Every kid knows $1+2\times3$ is equal to $1+(2\times3)$, not $(1+2)\times3$. But the more I think about it, the more counterintuitive it seems. You have to tell kids to memorize the rule, instead of just following the literal order.

So I think the operator precedence might be "invented" somewhere, by someone or some cultures. Is it a part of Arabic numerals? Did ancient Greek and Egyptians have it? And is/was there a culture where $1+2\times3$ equals $9$?


2 Answers 2


The idea of operator precedence - also known as order of operations - is a relatively recent concept, in part because the common mathematical operators for the four basic arithmetical operations - $+,-,\times,\div$ - weren't all in use until a few hundred years ago. For example, as Florian Cajori writes in A History of Mathematics, one of the symbols for multiplication ($\times$) was created by William Oughtred in the 17th century. This means that older cultures didn't have the same system we use today.

That said, according to this source,

The convention that multiplication precedes addition and subtraction was in use in the earliest books employing symbolic algebra in the 16th century. The convention that exponentiation precedes multiplication was used in the earliest books in which exponents appeared.

The debate about the order of multiplication/division came later, although given that the two operations are inverses of each other, it is not as important.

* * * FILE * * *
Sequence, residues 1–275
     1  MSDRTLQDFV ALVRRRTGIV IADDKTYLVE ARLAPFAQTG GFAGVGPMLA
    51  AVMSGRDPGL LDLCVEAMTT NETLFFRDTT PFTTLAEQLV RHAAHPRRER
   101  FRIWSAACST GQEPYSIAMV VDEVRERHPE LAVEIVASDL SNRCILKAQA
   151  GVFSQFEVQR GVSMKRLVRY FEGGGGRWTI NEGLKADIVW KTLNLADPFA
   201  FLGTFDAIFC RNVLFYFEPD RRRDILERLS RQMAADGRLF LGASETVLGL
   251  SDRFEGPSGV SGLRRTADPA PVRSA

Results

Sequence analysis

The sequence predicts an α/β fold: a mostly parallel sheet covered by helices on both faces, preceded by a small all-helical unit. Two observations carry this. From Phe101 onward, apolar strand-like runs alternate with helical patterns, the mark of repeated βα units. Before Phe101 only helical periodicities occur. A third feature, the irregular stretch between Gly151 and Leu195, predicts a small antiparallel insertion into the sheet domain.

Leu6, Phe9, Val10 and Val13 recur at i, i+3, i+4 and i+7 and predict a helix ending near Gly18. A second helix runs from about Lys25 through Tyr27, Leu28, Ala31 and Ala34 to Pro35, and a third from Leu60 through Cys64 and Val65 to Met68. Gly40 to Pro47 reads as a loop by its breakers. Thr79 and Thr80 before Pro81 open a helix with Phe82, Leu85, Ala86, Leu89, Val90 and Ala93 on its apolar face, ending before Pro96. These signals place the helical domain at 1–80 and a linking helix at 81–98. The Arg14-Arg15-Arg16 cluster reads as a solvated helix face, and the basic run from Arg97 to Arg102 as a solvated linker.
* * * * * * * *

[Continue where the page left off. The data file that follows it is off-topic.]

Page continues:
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    $\begingroup$ Is a little hard to believe that basic operations are introduced only a few hundred years ago. Before that how people wrote down an equation like 1+2x3=7? (sorry for off-topic) $\endgroup$ Oct 19, 2015 at 6:14
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    $\begingroup$ @LaiYu-Hsuan - With words. Lots and lots of words. $\endgroup$ Oct 19, 2015 at 12:37
  • $\begingroup$ @LaiYu-Hsuan As David said, word problems were common. Some other alternate notations were used, but there weren't operators as we know them. $\endgroup$
    – HDE 226868
    Oct 19, 2015 at 15:31
  • $\begingroup$ By @DavidHammen 's link, there actually was operator precedence in that notation! Though × was written as in, it was prior to + and - by the time, just like x nowadays. So the concept of operator precedence actually appeared before × and ÷, didn't it? $\endgroup$ Oct 19, 2015 at 20:44
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    $\begingroup$ @LaiYu-Hsuan - please, note that David's Wiki link is to a modern "translation" of Viete's book: the original text (page 7) reads : "Proponatur $B$ in $A$ quadratur, plus $D$ plano in $A$, aequari $Z$ solido" i.e. $BA^2 + D^p = Z^s$. $\endgroup$ Oct 20, 2015 at 20:09

Supplement to HDE's answer.

A problem sent from Ludovico Ferrari to Tartaglia in 1547 :

Find me two numbers such that when they are added together, they make as much as the cube of the lesser added to the product of its triple with the square of the greater; and the cube of the greater added to its triple times the square of the lesser makes $64$ more than the sum of these two numbers.

[i.e. Find $a, b$ such that

$a + b = b^3 + 3ba^2$ and

$a^3 + 3ab^2 = 64 + a + b$ (from : John Fauvel & Jeremy Gray (editors), The History of Mathematics : A Reader (1987), page 257).]

These were among the "leading" algebraist of the Reanaissance; it is clear that, until the modern algebraic symbolsim were developed (some millenia after ancient Egyptians and Babylonians) the issue of the convention about "operators precedence" was quite meaningless.


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